The Wildings

“I came to care for these wildings more than I have cared in a very long time for people in a novel.” ~ Pradeep Sebastian, in The Hindu

Shortlisted for the Commonwealth Prize (2013), the Shakti Bhatt First Book Award (2013)
and the Tata First Book Literary Award (2012)

“You’re a Sender,” she remembered her mother telling her, the day she had opened her eyes for the first time. Mara had been curled up, a tiny comma against her mother’s warm flank, listening to the giant purr of traffic on the bridge over the canal. Her mother’s blue eyes had been wary, almost sad as the cat washed her tiny kitten’s whiskers, making them tingle.

“What is a Sender?” Mara had asked. And her mother had answered slowly: “Senders are very unusual, Mara, there’s never more than one in a clan and most of the Delhi clans haven’t seen a Sender in more than three generations. Being a Sender means you can travel without using your paws–your whiskers will take you everywhere. And you can see and hear more than most cats can.”

Read The Wildings!The Kindle version on

At Aleph Book Company;

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on Goodreads;

at; at;


Der Klan Der Wildkatzen (Random House, Germany); Il Gatti Di Nizamuddin (Neri Pozza Editions, Italy)

About The Wildings:

In the labyrinthine alleys and ruins of Nizamuddin, an old neighbourhood in Delhi, lives a small band of cats. Miao, the clan elder, a wise, grave Siamese; Katar, loved by his followers and feared by his enemies; Hulo, the great warrior tom; Beraal, the beautiful queen, swift and deadly when challenged; Southpaw, the kitten whose curiosity can always be counted on to get him into trouble… Unfettered and wild, these and the other members of the tribe, fear no one, go where they will, and do as they please. Until, one day, a terrified orange-coloured kitten with monsoon green eyes and remarkable powers, lands in their midst—the first in a series of extraordinary events that threatens to annihilate them and everything they hold dear.

Read An Excerpt:

“The tomcat watched the pair as they left, the old queen and the young half-grown kitten, their silhouettes fading away into the darkness. He felt a small pang as he remembered his first hunt, and he hoped Miao would be kind to Southpaw.

The night was humid, the air scented with raat ki rani and mogra blossoms. There was a half moon, partly obscured by clouds. As they slipped away, Southpaw felt his fur tremble with excitement. “Miao, where are we-?”

The older cat turned sinuously and cuffed him, her claws out just enough to leave a thin red line on his neck. “The first rule,” she said. “No mewing. No whisker linking unless I say so, because your prey is small enough to pick it up. And smart enough to make a run for it.” She cuffed him again, this time slamming his head to the right and holding it down so that he could see a frightened gray musk shrew scutter away, into the safety of the lantana bushes.”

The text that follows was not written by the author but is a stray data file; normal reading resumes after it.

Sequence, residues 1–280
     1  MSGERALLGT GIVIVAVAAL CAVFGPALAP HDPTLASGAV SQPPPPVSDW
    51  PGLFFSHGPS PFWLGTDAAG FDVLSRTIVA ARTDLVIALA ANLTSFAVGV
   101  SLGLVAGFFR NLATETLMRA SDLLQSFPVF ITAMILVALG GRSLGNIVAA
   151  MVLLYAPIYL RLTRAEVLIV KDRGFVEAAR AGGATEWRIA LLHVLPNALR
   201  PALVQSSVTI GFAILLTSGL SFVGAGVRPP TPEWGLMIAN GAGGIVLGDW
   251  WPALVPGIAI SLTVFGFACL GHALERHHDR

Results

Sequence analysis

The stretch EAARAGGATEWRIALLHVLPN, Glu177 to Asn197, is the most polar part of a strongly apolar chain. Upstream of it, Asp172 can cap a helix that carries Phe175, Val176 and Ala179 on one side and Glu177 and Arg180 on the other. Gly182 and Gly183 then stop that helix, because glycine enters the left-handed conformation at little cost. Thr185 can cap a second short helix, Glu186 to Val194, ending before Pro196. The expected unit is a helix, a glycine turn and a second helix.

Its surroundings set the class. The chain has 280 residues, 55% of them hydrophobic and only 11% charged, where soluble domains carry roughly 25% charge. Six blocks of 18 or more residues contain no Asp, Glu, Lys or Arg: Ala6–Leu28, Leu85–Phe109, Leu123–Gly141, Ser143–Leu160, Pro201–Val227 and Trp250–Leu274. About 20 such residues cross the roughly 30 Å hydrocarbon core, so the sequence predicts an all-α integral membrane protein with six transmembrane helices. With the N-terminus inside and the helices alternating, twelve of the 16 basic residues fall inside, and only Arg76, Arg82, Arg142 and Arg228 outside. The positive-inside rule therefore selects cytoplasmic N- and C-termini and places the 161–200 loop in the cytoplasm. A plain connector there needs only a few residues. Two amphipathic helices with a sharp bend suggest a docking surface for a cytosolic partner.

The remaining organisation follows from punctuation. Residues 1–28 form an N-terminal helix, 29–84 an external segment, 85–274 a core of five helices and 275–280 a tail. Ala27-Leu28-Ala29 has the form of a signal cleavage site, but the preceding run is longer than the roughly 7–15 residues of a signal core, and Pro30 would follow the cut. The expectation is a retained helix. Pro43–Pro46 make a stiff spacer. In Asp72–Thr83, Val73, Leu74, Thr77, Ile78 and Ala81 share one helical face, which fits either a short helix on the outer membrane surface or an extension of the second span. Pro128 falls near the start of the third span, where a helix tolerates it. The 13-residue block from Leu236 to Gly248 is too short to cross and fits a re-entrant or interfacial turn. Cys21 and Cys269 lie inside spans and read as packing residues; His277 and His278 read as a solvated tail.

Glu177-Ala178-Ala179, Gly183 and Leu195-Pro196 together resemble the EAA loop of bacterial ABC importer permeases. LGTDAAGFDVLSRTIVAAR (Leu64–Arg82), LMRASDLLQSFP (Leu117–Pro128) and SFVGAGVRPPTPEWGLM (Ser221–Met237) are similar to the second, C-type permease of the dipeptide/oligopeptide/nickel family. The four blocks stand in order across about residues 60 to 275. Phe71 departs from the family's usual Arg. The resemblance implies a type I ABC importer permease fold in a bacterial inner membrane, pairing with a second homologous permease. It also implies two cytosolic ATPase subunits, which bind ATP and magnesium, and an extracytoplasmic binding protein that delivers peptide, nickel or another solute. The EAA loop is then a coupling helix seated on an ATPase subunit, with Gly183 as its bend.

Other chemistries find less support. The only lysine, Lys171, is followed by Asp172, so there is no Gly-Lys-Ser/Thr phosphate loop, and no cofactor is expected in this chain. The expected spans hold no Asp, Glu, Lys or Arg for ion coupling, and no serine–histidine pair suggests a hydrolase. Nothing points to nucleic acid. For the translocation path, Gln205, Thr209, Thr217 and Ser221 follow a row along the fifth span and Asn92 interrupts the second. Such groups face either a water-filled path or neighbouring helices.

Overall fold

Reviews, in Junglee (or, what The Bigfeet said about the cats):

“You’ll wish you had whiskers and could mew.” ~ Deepanjana Pal, in DNA

“By the book’s end I wanted to “link” into the author’s head so I could read the sequel in advance.” ~ Jai Arjun Singh, in Tehelka.

“Mara captures the heart; the other wildings seize the imagination.” Sharanya Mannivannan, in the Sunday Guardian.

“Wildly engaging and foxy… I already think that when I go to Nizamuddin next, I will see Southpaw hanging from a tree or Beraal quietly walking past, trying not to be seen!” ~ Fancy That Manxcat.

“A novel for all seasons and for all ages. Nilanjana Roy has created a savage, dangerous world… a world that seems tangibly real…” ~ Gillian Wright, in India Today

Questions for book clubs:

What We Talk About When We Talk About Cats: If you’re reading The Wildings in a group, a list of suggestions for discussions.

Mara’s story:

“She was an orange kitten with deep green eyes, no bigger than the palm of my partner’s hand. Mara had been rescued from a drain in Sujan Singh Park by my cousin, and was temporarily living with them and their three dogs.”

Drawing The Wildings: Prabha Mallya:

“There were so many scrumptiously described scenes that absolutely demanded to be illustrated. The idea was to heighten the sense of drama at these key points, to make the story practically leap off the page and wrap itself around you.”


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